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What is the difference between "When the teacher entered, the boys were all looking out the window." and "When the teacher entered, the boys all looked out the window."? Can someone please explain it?

Thanks

  • 3
    One suggests the boys were already looking out the window when the teacher entered, the other suggests they did so once the teacher entered. – Matthew Jan 30 '19 at 15:54
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When the teacher entered, the boys were all looking out the window.

The teacher's enterance interrupts the boys action of looking out the window. They were already doing it when the teacher entered.

When the teacher entered, the boys all looked out the window.

The teacher entered and then the boys looked out the window (but they were not looking before the teacher entered).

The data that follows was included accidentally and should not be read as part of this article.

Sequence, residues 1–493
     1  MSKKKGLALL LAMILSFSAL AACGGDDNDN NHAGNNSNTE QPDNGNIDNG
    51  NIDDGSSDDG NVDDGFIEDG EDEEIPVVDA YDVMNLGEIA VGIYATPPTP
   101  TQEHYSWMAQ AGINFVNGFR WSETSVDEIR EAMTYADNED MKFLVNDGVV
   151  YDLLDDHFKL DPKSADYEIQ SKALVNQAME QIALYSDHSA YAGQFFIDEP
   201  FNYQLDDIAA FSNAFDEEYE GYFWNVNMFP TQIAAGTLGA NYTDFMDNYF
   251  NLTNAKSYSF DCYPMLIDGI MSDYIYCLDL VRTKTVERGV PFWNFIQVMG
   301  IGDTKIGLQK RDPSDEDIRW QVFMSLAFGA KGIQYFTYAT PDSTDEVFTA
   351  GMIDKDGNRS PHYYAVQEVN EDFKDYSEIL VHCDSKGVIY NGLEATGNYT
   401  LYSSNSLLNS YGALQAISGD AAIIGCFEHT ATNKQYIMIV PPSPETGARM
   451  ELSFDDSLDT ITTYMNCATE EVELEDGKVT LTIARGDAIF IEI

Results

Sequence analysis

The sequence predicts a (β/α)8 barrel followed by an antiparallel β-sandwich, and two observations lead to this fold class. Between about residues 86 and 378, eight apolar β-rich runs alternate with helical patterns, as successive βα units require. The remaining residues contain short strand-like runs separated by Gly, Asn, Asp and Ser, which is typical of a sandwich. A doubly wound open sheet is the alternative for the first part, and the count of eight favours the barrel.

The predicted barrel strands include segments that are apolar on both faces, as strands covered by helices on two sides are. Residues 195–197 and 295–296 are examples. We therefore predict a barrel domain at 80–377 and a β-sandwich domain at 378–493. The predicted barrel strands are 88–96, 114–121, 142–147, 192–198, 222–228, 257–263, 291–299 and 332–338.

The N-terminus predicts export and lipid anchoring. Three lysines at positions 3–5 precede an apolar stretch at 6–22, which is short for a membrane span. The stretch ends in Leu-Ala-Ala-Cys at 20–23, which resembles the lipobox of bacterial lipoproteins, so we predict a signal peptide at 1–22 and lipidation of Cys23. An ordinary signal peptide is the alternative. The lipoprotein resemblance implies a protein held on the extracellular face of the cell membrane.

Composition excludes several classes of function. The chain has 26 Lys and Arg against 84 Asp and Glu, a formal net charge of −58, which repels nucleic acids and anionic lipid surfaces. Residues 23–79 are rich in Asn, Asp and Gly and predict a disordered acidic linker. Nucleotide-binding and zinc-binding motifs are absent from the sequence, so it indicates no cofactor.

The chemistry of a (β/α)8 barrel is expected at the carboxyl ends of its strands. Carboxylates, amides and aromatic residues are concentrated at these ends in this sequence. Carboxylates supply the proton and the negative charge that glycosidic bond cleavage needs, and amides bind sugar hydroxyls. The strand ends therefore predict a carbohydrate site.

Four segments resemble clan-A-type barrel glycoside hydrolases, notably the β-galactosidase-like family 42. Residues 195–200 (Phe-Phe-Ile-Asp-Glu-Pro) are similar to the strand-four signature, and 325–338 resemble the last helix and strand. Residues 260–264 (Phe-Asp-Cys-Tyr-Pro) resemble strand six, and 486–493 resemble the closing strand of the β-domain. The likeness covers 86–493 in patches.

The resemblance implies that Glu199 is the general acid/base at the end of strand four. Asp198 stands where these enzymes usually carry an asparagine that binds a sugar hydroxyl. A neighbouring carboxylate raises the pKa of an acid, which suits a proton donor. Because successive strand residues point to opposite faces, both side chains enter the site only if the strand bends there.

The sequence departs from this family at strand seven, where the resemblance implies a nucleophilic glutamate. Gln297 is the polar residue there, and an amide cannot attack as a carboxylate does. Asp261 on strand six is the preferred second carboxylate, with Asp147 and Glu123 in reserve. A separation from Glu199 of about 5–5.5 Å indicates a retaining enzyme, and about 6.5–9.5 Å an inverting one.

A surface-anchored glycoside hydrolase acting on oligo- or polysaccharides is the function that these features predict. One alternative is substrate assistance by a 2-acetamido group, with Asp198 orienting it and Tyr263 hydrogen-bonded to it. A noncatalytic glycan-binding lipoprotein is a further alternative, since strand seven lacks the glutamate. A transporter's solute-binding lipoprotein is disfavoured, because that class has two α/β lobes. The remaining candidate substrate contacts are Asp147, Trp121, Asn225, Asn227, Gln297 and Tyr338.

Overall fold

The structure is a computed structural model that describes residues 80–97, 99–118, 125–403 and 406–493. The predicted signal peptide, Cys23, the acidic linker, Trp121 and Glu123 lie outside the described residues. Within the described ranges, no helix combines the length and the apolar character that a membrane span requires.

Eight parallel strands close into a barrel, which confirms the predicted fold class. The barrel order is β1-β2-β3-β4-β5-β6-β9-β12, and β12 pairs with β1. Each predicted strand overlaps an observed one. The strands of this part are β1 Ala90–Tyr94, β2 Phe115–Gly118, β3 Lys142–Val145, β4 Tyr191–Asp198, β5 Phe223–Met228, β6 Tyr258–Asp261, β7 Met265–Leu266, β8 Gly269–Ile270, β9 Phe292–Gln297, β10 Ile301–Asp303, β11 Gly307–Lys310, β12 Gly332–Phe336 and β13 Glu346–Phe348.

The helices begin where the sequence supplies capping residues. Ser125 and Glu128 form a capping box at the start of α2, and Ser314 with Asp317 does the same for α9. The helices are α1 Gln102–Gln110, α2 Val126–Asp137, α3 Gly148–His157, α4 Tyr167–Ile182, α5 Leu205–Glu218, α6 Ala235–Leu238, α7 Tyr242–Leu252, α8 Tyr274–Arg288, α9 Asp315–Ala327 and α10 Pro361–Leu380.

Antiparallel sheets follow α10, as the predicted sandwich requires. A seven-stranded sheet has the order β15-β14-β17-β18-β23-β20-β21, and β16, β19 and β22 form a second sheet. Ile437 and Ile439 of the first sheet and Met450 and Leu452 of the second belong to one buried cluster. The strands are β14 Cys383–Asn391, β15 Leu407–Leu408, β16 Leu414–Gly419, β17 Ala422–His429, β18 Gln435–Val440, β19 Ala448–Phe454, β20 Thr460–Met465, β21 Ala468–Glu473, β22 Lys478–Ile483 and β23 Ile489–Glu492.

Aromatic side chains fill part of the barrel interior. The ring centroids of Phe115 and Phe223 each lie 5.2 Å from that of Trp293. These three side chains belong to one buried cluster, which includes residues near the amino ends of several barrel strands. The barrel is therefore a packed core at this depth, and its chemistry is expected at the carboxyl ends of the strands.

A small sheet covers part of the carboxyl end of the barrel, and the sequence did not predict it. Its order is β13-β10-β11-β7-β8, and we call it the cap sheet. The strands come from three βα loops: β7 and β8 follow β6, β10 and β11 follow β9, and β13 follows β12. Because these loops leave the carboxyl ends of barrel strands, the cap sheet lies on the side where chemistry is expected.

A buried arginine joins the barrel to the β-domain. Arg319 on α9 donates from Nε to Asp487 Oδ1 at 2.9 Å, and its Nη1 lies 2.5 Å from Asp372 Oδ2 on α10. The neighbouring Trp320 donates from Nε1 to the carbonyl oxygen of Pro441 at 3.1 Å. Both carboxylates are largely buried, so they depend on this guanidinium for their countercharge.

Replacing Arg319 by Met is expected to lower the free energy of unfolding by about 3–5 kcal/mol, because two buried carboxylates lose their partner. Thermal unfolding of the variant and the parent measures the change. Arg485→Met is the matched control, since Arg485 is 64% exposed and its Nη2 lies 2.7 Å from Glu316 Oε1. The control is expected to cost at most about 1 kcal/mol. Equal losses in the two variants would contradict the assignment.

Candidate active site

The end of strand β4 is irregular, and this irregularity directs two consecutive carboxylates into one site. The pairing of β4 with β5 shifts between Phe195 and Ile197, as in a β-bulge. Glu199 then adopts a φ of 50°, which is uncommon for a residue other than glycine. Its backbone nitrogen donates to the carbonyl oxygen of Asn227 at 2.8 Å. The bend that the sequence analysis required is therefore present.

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  • It might be worth mentioning the difference between 'I [action]' and 'I am [action]ing', which in German are the same (guessing based on asker's screen name). E.g. 'Ich trinke' could mean 'I drink' or 'I am drinking'. – Maclain Anderson Jan 30 '19 at 20:06
  • @mac Your point about German uses the present simple & continuous tenses. The question is about things that occurred in the past tense. Can you clarify the two relate? – Rykara Jan 30 '19 at 22:57
  • Well my German is extremely shaky, but it seems analogous to me, just in the past tense. Is there a difference in German between 'they were looking' and 'they looked'? If not, then that might be the source of confusion. – Maclain Anderson Jan 31 '19 at 12:59
  • @mac. I am not familiar with more than survival words/phrases in German. If the OP is indeed German (very reasonable assumption) and what you say would help clarify, it might be better if you provided an answer with more info about the possible tense confusion given your knowledge and familiarity. :-) – Rykara Jan 31 '19 at 17:48

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